Google is Rolling Out Passkey Support to Android and Chrome

Furqan Shahid
Google is Rolling Out Passkey Support to Android and Chrome
Credits: Unsplash/Towfiqu barbhuiya

Earlier this year, Google announced a collaboration with industry leaders such as Apple and Microsoft as a part of a larger attempt at making passwords a thing of the past, and today, the company takes another step toward the future.

Google announced today that it is launching passkey support for developers on both Android and Chrome. This attempt is going to create a way for passwordless sign-in across devices, apps, and websites regardless of the platform they are being used on.

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We are Heading Towards a World Without Passwords, and Google is Leading the Vanguard

According to Google, today's launch is going to be the first milestone in the company's efforts to leave passwords in the past.

"Passkeys are a significantly safer replacement for passwords and other phishable authentication factors," Google said in a blog post "They remove the risks associated with password reuse and account database breaches, and protect users from phishing attacks."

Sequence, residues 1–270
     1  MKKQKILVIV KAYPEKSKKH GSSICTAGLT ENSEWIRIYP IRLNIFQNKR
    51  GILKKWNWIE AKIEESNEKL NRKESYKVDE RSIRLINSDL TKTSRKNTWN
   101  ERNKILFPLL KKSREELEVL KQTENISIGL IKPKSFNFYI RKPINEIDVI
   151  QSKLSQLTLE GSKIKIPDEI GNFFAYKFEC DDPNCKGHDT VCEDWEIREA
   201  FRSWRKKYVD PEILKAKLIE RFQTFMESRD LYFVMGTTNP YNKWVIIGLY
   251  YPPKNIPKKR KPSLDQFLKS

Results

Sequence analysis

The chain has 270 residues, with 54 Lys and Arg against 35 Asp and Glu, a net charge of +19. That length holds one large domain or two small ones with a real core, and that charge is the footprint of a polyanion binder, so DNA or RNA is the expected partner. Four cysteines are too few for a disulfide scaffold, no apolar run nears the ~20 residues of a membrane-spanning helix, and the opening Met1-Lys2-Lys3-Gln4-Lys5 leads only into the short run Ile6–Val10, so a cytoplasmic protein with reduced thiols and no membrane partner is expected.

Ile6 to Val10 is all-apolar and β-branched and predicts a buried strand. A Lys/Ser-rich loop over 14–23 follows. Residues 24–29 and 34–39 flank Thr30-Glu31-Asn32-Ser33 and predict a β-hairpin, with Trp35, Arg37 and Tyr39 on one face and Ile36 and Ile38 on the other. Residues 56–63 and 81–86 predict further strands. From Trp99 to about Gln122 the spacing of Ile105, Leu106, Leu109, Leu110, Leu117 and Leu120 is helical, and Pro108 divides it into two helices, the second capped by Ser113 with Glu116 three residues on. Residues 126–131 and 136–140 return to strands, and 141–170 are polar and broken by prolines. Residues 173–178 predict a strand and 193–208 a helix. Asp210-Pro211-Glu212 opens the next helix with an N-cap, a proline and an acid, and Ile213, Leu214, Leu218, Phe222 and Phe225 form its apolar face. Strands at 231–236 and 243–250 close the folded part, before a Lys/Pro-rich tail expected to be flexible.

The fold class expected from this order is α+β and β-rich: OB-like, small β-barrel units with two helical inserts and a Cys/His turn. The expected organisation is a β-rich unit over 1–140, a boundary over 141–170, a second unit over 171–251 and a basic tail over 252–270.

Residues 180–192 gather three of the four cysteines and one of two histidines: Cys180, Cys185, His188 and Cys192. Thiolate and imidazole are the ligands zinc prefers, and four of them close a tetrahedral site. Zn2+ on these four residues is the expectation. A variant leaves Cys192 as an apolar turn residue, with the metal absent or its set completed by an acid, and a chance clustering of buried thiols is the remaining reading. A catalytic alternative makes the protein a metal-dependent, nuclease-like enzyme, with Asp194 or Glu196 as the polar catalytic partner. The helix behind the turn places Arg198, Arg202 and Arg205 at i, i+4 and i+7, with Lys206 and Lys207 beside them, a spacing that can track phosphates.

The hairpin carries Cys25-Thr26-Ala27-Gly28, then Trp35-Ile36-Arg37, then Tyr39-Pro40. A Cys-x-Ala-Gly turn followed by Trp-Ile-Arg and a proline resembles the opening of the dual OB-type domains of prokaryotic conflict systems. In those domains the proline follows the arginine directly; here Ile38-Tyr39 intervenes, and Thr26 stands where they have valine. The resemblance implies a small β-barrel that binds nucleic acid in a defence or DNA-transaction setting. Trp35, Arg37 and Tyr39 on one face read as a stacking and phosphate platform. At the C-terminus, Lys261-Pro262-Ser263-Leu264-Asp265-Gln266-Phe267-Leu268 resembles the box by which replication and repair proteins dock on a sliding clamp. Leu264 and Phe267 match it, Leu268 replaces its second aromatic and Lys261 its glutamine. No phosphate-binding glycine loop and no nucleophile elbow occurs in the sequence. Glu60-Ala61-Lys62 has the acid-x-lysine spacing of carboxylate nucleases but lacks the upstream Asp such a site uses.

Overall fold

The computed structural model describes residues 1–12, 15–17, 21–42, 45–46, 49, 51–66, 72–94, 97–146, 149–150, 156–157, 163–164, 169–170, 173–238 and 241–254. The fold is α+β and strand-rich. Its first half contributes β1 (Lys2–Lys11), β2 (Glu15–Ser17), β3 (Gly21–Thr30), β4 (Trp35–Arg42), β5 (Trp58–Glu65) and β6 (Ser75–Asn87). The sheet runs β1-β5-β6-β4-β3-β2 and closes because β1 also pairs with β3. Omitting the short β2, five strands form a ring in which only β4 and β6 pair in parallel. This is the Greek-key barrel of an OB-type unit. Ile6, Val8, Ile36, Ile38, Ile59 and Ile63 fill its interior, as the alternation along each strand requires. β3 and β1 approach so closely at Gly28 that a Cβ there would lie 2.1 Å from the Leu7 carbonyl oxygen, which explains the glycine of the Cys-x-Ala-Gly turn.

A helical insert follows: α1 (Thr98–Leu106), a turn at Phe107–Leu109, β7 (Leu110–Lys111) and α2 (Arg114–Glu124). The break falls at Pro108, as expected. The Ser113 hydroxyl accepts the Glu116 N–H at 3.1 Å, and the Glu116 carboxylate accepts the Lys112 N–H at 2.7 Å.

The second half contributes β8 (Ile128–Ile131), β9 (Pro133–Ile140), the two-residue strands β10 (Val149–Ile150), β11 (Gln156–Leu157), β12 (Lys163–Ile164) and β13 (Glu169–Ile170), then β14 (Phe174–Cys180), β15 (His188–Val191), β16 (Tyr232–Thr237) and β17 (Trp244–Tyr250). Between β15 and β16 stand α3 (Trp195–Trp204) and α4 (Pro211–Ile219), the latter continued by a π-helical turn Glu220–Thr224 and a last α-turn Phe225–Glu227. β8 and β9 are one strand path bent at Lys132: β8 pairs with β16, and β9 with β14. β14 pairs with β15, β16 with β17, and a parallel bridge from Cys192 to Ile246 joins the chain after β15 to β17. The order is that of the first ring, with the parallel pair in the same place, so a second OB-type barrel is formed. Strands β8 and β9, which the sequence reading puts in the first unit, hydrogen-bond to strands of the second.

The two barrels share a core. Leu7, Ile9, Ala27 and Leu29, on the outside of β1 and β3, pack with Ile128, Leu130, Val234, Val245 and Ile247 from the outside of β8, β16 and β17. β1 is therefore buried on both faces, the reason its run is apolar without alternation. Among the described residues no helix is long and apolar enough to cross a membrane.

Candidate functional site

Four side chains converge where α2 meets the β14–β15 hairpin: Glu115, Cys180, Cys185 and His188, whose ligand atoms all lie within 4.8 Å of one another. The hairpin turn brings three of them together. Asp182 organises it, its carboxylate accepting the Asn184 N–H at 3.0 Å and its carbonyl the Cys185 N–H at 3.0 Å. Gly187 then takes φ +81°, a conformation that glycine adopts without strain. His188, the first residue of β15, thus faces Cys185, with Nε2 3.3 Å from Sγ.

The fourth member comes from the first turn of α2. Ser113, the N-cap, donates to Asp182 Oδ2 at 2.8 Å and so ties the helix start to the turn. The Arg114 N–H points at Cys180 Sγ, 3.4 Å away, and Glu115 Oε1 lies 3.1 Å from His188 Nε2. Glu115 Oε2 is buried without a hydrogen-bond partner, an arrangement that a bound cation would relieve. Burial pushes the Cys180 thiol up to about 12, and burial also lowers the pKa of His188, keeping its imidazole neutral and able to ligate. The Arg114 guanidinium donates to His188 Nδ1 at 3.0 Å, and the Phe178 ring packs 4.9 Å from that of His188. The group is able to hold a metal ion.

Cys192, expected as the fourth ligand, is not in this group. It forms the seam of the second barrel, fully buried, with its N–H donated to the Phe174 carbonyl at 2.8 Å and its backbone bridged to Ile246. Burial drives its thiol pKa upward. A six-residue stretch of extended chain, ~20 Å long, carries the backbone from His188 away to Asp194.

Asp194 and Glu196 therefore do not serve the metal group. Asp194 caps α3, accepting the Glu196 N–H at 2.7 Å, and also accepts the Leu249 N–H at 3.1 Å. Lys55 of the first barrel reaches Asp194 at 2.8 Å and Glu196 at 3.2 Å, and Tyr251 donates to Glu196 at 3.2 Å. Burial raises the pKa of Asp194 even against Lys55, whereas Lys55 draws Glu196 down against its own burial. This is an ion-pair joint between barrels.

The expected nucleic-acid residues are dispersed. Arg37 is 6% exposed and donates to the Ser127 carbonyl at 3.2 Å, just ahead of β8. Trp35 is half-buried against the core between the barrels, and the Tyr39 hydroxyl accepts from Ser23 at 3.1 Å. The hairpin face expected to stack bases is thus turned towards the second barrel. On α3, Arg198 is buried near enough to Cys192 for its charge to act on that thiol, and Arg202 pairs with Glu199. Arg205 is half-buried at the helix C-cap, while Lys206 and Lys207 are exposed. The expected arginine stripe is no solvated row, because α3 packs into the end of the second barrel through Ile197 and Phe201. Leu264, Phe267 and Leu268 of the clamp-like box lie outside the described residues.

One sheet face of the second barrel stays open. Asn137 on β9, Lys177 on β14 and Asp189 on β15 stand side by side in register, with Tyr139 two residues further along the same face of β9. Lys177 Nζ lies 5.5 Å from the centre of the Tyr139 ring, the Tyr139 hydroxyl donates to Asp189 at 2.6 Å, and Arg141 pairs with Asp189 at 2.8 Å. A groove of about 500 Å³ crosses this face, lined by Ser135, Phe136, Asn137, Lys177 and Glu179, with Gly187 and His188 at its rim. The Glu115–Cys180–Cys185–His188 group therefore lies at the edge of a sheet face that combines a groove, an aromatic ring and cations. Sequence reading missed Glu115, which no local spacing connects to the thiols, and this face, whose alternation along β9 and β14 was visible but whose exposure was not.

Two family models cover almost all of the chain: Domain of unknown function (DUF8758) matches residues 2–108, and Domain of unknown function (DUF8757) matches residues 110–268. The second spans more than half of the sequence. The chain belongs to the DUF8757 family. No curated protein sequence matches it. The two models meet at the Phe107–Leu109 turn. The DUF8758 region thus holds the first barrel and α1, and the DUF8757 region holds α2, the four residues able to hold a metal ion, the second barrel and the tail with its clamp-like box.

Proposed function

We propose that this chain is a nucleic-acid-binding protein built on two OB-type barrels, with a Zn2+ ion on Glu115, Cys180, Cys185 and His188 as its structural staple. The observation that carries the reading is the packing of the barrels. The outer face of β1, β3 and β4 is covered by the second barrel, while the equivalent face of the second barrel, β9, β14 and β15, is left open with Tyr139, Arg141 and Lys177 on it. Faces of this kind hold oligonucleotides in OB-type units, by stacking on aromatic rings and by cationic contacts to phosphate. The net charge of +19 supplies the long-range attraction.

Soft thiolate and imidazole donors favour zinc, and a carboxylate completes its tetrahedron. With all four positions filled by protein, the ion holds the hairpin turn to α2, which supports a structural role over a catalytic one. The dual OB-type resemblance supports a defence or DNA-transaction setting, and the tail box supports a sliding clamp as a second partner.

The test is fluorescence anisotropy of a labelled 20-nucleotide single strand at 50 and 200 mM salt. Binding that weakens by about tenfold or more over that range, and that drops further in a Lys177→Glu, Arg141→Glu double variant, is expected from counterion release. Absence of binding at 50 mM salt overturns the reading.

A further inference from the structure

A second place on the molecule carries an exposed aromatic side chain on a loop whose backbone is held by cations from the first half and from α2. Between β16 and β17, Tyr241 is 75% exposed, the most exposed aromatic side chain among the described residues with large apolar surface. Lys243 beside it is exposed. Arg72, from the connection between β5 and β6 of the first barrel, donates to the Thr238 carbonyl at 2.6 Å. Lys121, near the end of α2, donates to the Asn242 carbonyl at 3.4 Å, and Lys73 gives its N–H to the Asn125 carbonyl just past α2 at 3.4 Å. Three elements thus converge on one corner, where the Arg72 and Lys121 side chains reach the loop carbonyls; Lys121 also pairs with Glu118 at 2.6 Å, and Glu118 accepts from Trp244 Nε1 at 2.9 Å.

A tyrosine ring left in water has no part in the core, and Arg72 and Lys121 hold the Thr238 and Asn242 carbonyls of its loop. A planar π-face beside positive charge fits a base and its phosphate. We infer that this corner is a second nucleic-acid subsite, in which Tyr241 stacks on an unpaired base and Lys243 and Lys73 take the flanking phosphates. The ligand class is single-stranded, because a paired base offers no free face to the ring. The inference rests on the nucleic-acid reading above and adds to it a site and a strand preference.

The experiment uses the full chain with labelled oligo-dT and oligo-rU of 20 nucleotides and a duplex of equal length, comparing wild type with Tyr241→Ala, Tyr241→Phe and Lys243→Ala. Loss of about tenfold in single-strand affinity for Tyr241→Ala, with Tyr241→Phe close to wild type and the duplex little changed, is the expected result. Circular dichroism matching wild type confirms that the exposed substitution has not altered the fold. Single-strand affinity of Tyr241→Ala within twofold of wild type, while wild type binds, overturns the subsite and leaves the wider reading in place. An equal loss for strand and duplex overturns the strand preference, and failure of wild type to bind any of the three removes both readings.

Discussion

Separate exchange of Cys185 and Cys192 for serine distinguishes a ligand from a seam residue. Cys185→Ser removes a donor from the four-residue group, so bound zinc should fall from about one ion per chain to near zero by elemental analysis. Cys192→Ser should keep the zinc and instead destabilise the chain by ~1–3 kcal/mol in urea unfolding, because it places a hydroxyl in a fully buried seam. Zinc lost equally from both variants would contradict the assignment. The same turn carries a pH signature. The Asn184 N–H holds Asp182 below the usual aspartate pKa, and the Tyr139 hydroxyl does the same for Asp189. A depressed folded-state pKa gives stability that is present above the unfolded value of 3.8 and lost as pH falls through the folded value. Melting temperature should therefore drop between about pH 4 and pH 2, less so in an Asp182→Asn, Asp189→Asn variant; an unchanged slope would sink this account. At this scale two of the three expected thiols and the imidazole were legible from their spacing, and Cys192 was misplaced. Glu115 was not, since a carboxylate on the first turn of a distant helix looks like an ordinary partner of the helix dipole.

For those wondering, the rollout of passkey support will let users create and use passkeys on their Android phones, this means that they will no longer have to remember different passwords. Passkeys are built on FIDO Alliance and World Wide Web Consortium standards, and this will allow everyone to user their smartphones to sign in to an app or website on a nearby device regardless of the platform it is running on.

At the same time, developers now have the resources they need to introduce and implement the passkey support on the web with Chrome, this will be done through the WebAuthn API, on Android, and on various platforms. They will be able to do so by enrolling in the Google Play Services beta and using Chrome Canary, as well. Google has also said that these features will be widely available on stable channels later this year.

Users will have automatic access to their passkeys across various devices, both old and new, without having to re-enroll all the accounts they have. To create a passkey, they simply need to confirm the passkey account information and use their fingerprint, face, or screen lock when asked for. They can also use a passkey that is stored on their phone to sign in to a nearby device.

"Since passkeys are built on industry standards, this works across different platforms and browsers - including Windows, macOS and iOS, and of course ChromeOS, with a uniform user experience," Google mentioned.

Passwordless logins are already a thing, but the process is not the smoothest at the moment. With Google and working with major tech giants, the goal is to get rid of any friction, and this new milestone is the perfect step when it comes to getting rid of the passwords altogether.

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